Libya blowback threatens fragile Tory government

Libya blowback threatens fragile Tory government

6 min read
28 Aug, 2017
Comment: The fallout from the 2011 invasion has been disastrous, and Libya could now be emerging as a decisive factor in UK domestic politics, writes Tom Charles.
Johnson visited Tripoli to pledge £9 million to help Libya combat terrorism and people trafficking[AFP]
UK Foreign Secretary Boris Johnson has visited Libya in an attempt to shore up the country's defences against migration and terrorism. But the fallout from the 2011 invasion has a life of its own, and has the potential to damage the UK and its government in the upcoming parliament. Libya is becoming a symbol of a failed foreign policy.

The collapse of Libya was initiated by the UK-French led NATO invasion, referred to in London as an "intervention" on the basis of erroneous claims that a massacre in the city of Benghazi was imminent.

Since then, Libya has ceased to function as an effective state, with organised criminals wielding increasing power and the country haemorrhaging people from the African continent in pursuit of a better life in Europe.

The collapse of authority in Libya has also created fertile ground for terrorists to operate, with devastating consequences, including the 22 May suicide bombing at Manchester Arena.

Lessons of history

Foreign policy success is no guarantee of domestic electoral success, but can help. Despite leading the wartime coalition government that helped prevent the annexation of Britain by the Nazis, Winston Churchill was defeated by a Labour landslide in the 1945 general election.

In 1956, Sir Anthony Eden was prime minister as Britain invaded Egypt to try to stem the growing power of secular Arab nationalism. The invasion failed on its own terms, with the United States withholding support, and within a few months Eden was gone, his reputation in tatters.

Margaret Thatcher fared better: Benefiting from significant American backing, her 1982 war with Argentina over the Falkland Islands was deemed a success and boosted her popularity sufficiently for the Conservatives to win the 1983 general election.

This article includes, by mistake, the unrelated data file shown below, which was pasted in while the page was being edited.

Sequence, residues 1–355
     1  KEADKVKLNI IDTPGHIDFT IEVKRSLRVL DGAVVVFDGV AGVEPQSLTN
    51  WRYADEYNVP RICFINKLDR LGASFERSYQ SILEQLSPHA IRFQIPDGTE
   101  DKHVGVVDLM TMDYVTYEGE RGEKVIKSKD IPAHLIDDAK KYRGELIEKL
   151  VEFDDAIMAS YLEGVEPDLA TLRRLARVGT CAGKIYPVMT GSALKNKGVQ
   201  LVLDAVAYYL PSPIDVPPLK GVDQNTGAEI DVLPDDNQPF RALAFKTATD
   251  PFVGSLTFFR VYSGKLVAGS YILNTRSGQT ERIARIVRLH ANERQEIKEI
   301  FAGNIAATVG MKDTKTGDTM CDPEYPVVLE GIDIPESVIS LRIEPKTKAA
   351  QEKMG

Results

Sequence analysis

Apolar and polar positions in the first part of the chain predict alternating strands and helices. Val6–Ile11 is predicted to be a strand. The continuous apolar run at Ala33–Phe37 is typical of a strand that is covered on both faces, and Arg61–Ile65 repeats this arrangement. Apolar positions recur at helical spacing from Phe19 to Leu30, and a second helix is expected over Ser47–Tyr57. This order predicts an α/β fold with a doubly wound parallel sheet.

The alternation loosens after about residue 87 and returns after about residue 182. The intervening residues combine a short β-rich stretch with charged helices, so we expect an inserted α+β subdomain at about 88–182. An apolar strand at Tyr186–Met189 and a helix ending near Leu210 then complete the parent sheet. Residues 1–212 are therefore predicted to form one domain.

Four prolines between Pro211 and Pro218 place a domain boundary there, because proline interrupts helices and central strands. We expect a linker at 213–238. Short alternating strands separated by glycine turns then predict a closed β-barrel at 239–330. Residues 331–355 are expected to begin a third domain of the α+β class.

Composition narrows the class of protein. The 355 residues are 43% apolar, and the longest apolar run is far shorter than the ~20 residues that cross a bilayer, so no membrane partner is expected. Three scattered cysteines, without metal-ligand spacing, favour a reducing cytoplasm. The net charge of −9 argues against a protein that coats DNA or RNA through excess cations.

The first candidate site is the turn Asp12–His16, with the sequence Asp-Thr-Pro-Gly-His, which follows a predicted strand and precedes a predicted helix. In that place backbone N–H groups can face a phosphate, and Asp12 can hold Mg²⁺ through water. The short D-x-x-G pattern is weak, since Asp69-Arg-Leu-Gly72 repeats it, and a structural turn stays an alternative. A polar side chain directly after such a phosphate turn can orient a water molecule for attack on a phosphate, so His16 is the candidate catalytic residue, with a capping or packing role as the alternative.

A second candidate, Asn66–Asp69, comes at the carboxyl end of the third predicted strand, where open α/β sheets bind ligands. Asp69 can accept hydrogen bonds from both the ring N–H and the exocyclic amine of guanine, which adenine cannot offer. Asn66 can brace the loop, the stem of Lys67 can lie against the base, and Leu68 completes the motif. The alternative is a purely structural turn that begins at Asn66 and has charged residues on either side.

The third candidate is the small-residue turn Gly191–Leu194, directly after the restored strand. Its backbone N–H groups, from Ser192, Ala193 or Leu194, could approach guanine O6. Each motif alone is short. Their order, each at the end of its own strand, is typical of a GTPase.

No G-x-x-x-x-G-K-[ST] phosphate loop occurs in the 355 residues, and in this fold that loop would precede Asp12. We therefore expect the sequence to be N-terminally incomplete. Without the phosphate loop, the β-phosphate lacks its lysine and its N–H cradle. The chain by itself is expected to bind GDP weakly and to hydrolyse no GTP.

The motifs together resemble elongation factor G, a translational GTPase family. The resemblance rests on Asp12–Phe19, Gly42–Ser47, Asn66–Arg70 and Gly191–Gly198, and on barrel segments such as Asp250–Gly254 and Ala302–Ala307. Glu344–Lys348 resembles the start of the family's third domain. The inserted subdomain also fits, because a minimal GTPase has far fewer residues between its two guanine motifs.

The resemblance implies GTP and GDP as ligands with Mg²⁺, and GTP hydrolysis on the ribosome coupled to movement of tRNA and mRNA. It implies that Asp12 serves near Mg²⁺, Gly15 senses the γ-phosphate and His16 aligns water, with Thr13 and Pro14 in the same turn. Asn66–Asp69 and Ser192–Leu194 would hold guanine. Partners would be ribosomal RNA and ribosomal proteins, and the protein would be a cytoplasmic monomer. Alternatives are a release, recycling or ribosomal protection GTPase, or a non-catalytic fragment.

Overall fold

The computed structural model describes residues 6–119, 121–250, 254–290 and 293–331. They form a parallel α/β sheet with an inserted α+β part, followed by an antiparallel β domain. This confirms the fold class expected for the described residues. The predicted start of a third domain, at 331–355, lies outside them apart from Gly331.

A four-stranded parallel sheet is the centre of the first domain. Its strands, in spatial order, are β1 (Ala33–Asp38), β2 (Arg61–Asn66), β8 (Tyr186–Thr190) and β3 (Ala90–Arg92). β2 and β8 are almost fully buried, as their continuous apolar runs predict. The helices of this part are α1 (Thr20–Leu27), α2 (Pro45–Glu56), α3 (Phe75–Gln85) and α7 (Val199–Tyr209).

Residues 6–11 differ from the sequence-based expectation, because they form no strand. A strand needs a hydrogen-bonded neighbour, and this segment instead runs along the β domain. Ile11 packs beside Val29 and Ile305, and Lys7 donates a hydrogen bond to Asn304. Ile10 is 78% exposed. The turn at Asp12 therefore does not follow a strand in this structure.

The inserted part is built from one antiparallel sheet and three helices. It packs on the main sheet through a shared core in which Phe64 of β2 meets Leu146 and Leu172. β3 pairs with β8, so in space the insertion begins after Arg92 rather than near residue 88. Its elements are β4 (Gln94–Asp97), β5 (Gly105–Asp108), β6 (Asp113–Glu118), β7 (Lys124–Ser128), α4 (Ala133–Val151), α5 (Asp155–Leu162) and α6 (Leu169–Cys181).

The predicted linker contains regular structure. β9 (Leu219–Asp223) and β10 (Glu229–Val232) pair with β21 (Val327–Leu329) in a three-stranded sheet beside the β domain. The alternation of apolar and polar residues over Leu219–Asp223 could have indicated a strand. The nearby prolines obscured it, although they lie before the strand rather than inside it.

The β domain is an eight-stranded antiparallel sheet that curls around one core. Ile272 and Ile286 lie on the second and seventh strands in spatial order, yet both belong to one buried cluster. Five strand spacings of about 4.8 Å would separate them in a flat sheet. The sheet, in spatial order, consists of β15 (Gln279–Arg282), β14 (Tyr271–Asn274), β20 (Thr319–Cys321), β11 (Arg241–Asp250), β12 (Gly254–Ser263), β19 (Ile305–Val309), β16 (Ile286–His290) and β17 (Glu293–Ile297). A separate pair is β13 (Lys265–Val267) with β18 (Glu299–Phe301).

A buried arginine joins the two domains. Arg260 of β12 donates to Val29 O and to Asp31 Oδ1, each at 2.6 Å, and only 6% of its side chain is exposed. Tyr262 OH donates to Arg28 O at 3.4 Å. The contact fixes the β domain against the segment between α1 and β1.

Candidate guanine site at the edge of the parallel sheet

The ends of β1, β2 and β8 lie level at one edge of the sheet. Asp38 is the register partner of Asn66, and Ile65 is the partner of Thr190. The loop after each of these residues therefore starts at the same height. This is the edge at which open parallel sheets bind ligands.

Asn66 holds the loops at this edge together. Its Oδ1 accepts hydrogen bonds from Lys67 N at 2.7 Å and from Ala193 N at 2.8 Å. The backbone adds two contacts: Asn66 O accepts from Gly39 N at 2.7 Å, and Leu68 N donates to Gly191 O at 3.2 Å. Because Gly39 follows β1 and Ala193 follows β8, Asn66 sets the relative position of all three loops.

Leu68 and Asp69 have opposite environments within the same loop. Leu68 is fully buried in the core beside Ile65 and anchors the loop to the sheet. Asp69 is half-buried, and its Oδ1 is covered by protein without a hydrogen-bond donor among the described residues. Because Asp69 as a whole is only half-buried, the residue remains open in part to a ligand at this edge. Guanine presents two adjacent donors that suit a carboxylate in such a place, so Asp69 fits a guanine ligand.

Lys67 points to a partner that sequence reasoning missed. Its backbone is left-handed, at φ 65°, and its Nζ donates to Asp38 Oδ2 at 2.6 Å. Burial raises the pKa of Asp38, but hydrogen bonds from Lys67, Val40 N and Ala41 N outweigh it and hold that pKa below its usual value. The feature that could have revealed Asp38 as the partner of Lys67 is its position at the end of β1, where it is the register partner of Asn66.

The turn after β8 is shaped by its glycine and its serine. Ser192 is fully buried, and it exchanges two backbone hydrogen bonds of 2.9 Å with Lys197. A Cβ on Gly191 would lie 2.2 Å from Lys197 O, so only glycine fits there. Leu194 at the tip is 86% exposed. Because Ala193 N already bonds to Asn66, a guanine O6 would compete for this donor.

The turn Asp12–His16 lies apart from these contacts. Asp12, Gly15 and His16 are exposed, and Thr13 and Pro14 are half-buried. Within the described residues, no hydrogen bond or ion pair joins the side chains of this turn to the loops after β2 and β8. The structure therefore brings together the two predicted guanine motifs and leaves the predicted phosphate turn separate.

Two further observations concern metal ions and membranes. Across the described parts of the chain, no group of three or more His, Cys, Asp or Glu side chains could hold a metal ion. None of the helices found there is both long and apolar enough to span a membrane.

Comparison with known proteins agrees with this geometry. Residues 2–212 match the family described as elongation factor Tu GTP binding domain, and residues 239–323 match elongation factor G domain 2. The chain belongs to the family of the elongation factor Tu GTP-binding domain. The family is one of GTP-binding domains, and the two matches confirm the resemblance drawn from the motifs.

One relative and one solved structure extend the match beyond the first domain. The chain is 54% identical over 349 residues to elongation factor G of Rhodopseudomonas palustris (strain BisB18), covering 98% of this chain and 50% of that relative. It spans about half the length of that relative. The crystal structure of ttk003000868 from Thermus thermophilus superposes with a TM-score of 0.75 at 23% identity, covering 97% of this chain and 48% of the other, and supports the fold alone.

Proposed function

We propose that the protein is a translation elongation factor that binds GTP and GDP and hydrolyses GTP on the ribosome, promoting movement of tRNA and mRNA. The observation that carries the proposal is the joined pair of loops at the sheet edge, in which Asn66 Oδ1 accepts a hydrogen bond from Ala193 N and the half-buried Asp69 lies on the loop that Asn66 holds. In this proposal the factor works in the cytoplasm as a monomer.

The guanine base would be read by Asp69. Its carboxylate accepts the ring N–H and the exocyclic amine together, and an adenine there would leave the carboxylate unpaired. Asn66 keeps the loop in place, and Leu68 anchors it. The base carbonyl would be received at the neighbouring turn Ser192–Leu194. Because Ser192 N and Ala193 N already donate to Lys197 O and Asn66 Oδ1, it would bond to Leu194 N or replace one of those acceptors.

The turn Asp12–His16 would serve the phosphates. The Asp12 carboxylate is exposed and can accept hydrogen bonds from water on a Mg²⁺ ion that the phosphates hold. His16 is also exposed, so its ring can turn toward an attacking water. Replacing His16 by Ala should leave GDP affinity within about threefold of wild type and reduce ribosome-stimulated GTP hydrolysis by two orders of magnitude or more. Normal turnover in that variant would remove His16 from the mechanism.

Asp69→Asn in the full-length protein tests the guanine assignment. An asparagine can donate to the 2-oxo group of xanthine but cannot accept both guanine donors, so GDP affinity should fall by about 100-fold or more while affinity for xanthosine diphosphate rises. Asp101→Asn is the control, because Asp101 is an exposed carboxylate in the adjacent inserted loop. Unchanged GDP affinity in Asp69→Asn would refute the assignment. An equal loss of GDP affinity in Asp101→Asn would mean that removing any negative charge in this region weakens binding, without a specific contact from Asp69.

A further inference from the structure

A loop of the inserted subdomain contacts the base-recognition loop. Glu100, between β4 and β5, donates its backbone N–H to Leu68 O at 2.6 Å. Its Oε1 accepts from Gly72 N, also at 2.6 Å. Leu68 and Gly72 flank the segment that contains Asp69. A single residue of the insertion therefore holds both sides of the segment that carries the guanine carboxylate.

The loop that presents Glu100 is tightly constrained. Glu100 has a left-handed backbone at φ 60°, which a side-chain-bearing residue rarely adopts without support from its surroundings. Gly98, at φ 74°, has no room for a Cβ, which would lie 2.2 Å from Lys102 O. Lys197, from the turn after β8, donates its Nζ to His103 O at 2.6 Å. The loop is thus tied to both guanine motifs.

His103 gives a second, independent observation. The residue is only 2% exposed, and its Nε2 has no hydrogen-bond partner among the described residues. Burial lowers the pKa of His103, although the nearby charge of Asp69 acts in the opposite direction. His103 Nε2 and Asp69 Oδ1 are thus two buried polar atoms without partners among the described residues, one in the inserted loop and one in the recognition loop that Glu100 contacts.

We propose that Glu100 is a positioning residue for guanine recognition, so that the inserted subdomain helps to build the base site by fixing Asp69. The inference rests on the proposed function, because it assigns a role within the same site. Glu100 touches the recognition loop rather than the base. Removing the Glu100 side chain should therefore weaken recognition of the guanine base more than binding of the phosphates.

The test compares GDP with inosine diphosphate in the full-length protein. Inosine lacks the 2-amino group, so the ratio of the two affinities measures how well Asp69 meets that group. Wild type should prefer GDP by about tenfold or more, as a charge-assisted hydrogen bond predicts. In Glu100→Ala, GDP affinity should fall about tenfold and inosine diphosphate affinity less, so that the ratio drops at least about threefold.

The Tories' Libyan adventurism may come back to haunt them

Despite the alliance with the United States, the UK invasions of Iraq, and to a lesser extent Afghanistan, destroyed the credibility of Tony Blair, who now spends his days collaborating with some of the planet's worst human rights abusers, on the run from those who want to see him tried in the international criminal court for war crimes.

Prime Minister May

Libya could now be emerging as a decisive factor in UK domestic politics. Prime Minister Theresa May has already abjectly failed to win a general election, widely thought to have been a cakewalk for the Tories. Her opponent, Jeremy Corbyn, represents the anti-war movement and a radically different school of thought on the UK's role in the Middle East.

The UK's clinging to imperialist pretentions has helped unleash terrorist violence in European cities characterised by a viciousness not previously witnessed

May was Home Secretary in the Conservative/Liberal Democrat coalition cabinet that decided to invade Libya in 2011. Barack Obama has since criticised Prime Minister David Cameron for allowing Libya post-Gaddafi to become a "shitshow".

A 2016 report by the House of Commons Foreign Affairs Select Committee stated that the UK had been taken to war in Libya on "erroneous assumptions", notably that "the proposition that Muammar Gaddafi would have ordered the massacre of civilians in Benghazi was not supported by the available evidence".

The report confirms that the invasion "led to the rise of Islamic State in North Africa". But what was not reported by the Select Committee was what has come to light since the terrorist atrocity in Manchester: The UK's spy agency, MI5, maintained Libyan 'terrorist assets' in that very city.